Emergency Westminster legislation to deal with Northern Ireland’s political situation could be debated on Monday.
Legislation has been prepared for several scenarios, the BBC understands.
Those eventualities include a deal on restoring devolution and the need for Stormont’s budget to be approved through an act in the House of Commons.
Commons leader Andrea Leadsom said she is “hopeful for some good news” that may “allow for legislation to recreate the Northern Ireland Executive”.
She was explaining to MPs why it is sometimes impossible to give advance notice of matters for debate.
The Northern Ireland Executive collapsed in January and the most recent round of formal talks between the Democratic Unionist Party (DUP) and Sinn Féin ended in stalemate in June.
‘Some progress made’
Northern Ireland Secretary James Brokenshire warned again on Thursday that greater Westminster intervention will be inevitable if a deal between the Stormont parties is not reached imminently.
That would be a step backwards, he told the annual conference of the Northern Ireland Local Government Association, but one that can still be avoided.
He later said that he hoped to be able to legislate to form a new executive “as soon as possible”.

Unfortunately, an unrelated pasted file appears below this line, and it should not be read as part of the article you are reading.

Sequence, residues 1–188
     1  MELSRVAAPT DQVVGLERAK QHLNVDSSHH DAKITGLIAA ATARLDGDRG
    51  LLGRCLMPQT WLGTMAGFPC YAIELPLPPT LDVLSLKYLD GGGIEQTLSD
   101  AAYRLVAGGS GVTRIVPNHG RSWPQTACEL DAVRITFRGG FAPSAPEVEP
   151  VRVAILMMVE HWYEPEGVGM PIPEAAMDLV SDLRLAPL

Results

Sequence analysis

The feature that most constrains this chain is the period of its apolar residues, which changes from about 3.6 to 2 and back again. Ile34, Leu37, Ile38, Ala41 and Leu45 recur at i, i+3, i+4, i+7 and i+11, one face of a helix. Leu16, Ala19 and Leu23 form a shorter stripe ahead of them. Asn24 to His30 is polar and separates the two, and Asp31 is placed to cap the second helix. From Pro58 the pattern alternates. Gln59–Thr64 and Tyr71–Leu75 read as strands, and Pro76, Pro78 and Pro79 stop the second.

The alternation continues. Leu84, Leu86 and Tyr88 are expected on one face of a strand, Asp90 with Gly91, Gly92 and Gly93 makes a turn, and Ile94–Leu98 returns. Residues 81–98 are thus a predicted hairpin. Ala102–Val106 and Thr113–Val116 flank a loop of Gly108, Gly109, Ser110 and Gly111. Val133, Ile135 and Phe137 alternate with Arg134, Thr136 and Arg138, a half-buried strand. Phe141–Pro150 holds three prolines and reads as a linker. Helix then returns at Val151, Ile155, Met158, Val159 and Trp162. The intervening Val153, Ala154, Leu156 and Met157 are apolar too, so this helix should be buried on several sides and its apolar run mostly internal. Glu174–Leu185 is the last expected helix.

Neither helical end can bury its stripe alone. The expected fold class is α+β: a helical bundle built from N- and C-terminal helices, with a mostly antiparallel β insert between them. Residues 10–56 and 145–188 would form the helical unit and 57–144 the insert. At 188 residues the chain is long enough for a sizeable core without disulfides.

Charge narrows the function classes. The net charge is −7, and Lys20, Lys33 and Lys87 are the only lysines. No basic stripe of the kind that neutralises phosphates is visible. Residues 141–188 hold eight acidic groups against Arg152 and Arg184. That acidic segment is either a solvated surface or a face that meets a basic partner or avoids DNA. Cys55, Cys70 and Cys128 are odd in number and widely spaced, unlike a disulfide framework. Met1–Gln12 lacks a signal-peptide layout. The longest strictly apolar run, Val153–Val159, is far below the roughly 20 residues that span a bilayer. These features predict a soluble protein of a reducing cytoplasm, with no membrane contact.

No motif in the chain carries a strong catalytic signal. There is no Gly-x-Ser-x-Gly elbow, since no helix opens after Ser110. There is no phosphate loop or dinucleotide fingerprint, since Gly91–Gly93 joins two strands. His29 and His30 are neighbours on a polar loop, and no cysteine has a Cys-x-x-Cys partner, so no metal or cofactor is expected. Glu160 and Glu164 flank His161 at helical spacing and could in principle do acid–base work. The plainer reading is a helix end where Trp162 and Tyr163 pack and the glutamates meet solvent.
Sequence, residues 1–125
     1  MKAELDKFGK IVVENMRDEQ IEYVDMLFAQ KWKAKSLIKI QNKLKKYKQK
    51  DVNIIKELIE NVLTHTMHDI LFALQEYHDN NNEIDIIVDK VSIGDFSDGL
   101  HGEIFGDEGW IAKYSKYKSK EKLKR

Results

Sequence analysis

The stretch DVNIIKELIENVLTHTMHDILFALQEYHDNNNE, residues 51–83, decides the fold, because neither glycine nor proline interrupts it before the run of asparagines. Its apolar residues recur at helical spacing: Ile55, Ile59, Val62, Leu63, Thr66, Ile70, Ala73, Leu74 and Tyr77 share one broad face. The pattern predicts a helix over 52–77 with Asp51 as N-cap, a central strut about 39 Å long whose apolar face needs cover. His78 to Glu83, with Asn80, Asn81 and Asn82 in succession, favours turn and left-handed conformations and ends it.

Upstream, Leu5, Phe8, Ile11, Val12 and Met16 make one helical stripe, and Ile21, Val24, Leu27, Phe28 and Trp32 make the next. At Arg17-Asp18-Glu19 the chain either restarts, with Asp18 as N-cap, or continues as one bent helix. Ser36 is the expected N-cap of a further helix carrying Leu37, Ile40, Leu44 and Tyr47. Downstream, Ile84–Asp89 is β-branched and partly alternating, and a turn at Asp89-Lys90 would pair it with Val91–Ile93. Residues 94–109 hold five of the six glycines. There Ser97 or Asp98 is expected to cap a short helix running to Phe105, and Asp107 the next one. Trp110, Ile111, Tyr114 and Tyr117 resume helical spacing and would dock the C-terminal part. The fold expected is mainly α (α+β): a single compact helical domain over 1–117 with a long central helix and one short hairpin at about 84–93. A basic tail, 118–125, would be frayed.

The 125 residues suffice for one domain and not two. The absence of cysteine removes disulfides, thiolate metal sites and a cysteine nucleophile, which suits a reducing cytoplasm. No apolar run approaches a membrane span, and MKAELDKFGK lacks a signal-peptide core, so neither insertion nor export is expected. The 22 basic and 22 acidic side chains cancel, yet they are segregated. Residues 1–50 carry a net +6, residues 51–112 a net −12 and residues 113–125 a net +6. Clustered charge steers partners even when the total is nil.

“To do so I would need to be satisfied that there is agreement between the parties,” he added.
“Whilst this remains possible – and some progress has been made – clear differences still remain between the parties and agreement has yet to be found.
“If this cannot be resolved quickly I will need to legislate for a budget for Northern Ireland by the end of this month and consider next steps.”
Talks between the parties in recent days have been “intensive”, said Sinn Féin’s Stormont leader Michelle O’Neill.
“There are still very real challenges to be addressed,” she added.
The executive broke down over several issues in January, with the DUP and Sinn Féin since blaming each other for the failure to restore devolution.
Among the main sticking points in the talks is Sinn Féin’s demand for legislation to give official status to the Irish language.